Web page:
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Saturday, Jan 29, 2011
Hindering scientific literacy
Here is evolution teaching news:
High school biology teachers refuse to teach evolution

That's the conclusion of Penn State scientists, who discovered that most are reluctant to teach evolutionary theory in class. ...

Indeed, 13 percent of biology teachers 'explicitly advocate creationism or intelligent design by spending at least one hour of class time presenting it in a positive light', they say. ...

Others undermine the whole curriculum and "tell students it does not matter if they really 'believe' in evolution, so long as they know it for the test," the researchers say.

Finally, many teachers expose their students to all positions, scientific and otherwise, and let them make up their own minds. But while this approach might at first seem reasonable, say the team, "this approach tells students that well established concepts can be debated in the same way we debate personal opinions."

In other words, we don't encourage children to make up their own minds about whether the world orbits the sun or vice versa.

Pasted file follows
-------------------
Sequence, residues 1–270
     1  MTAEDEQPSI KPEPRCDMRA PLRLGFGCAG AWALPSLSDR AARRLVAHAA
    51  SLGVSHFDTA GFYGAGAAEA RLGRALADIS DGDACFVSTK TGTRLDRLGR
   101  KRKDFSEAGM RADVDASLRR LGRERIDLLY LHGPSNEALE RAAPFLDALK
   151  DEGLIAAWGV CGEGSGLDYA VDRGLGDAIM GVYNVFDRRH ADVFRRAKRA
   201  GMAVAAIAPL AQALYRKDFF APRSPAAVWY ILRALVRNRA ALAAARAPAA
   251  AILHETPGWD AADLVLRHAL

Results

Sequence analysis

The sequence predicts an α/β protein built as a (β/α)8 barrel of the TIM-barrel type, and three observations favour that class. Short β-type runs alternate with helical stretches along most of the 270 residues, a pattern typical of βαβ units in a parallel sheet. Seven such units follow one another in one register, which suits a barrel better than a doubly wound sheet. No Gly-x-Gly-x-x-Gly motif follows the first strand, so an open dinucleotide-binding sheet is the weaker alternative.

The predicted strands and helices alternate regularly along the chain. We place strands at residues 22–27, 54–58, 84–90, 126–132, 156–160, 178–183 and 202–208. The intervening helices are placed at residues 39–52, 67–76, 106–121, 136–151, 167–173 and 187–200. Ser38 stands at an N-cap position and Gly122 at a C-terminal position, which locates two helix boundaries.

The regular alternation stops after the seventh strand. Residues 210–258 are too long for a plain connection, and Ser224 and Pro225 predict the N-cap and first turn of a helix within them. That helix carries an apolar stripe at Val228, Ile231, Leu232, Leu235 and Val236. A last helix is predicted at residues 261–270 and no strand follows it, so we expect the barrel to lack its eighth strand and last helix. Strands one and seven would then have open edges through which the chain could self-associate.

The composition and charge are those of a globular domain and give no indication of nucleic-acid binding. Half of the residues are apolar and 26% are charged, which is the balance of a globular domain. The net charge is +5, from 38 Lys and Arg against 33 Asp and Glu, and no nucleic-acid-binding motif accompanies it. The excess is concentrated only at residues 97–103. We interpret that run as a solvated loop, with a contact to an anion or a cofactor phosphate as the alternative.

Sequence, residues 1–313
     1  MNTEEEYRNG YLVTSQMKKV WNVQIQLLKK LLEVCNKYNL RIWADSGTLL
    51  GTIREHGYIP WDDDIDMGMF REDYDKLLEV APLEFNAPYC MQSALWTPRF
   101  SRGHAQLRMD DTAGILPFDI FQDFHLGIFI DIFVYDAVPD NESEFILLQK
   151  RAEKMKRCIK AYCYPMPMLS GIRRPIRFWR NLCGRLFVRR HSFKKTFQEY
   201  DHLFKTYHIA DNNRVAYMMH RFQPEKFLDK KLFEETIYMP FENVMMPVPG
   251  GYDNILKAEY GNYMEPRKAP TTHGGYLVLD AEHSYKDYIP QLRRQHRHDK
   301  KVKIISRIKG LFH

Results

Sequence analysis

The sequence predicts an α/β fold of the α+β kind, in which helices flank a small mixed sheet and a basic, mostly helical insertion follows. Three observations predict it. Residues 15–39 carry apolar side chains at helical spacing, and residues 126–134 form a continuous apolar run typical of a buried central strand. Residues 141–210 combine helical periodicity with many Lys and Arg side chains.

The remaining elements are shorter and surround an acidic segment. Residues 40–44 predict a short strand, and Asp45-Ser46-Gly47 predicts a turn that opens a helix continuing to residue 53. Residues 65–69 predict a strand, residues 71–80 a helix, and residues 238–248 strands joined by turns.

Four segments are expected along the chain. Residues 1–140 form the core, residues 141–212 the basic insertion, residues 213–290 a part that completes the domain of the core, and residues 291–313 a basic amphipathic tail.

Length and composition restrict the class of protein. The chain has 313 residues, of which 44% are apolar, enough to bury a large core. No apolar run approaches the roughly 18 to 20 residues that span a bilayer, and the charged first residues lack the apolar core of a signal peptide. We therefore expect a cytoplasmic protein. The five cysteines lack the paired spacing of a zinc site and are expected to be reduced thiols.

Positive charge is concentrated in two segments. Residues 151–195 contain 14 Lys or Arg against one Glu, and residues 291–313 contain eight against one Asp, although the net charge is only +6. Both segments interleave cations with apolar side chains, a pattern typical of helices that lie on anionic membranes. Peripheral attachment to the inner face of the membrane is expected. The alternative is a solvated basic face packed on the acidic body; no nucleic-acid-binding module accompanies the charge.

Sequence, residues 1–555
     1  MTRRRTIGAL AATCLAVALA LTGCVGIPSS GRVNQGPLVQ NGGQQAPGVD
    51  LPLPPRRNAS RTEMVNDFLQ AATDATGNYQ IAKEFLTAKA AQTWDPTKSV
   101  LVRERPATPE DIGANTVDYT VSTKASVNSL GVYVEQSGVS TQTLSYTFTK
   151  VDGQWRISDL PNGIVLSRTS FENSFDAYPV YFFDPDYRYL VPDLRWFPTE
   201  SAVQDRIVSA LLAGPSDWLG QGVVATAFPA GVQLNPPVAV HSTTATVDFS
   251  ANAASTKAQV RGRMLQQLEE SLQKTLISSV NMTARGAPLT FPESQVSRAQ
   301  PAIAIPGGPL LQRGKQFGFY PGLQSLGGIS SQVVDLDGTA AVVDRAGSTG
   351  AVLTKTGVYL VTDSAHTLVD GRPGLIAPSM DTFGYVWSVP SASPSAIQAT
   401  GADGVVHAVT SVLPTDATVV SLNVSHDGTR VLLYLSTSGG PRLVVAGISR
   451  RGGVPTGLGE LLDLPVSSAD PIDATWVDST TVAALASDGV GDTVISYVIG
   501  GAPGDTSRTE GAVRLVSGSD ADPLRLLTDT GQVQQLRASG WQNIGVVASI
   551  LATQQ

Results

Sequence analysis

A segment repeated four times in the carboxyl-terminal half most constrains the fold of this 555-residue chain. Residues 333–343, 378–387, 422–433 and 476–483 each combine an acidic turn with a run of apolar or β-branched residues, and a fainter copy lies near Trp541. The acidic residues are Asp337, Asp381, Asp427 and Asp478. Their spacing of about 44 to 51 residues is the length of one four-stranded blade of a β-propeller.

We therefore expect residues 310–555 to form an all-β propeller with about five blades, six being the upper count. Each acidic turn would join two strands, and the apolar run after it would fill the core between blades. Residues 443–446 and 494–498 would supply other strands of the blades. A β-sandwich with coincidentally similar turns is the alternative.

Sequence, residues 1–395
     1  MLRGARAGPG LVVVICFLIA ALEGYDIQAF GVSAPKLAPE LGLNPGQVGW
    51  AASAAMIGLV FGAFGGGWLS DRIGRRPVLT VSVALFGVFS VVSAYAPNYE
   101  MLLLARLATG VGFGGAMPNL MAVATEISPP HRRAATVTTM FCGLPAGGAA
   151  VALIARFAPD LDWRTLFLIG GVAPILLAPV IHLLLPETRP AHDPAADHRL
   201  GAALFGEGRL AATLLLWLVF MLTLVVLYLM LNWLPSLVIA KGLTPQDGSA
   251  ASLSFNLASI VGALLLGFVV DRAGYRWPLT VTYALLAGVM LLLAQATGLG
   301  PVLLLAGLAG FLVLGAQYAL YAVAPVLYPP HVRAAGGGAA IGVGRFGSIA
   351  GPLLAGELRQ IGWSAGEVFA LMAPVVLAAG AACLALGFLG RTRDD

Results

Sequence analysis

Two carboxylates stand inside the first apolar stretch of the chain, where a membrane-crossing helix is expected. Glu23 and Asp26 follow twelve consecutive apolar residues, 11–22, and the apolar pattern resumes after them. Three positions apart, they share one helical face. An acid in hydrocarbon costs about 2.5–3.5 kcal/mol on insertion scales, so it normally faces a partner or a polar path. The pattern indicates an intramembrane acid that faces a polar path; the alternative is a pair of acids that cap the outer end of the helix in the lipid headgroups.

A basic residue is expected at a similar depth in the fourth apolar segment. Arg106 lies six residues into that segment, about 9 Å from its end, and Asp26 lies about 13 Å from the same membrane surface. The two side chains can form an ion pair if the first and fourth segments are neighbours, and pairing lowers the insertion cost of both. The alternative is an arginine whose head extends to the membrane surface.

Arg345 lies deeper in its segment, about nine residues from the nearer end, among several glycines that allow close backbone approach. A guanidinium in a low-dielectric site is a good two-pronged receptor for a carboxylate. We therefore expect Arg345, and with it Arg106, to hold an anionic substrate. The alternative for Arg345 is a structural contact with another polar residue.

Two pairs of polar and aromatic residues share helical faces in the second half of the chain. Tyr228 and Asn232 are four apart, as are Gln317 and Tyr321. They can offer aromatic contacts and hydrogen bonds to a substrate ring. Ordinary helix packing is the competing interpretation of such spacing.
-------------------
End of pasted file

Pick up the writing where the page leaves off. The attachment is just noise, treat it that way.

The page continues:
And it's these 60 percent that most worry the scientists: "They may play a far more important role in hindering scientific literacy in the United States than the smaller number of explicit creationists," they say.

So the Penn State scientists are most worried about the teachers to tell kids to make up their own minds, because that hinders scientific literacy. Or so they say.

According to General relativity, it is completely legitimate to to make up your own mind about whether the Earth orbits the Sun or vice versa. These Penn State scientists say that they are promoting scientific literacy, but their science is a century out of date.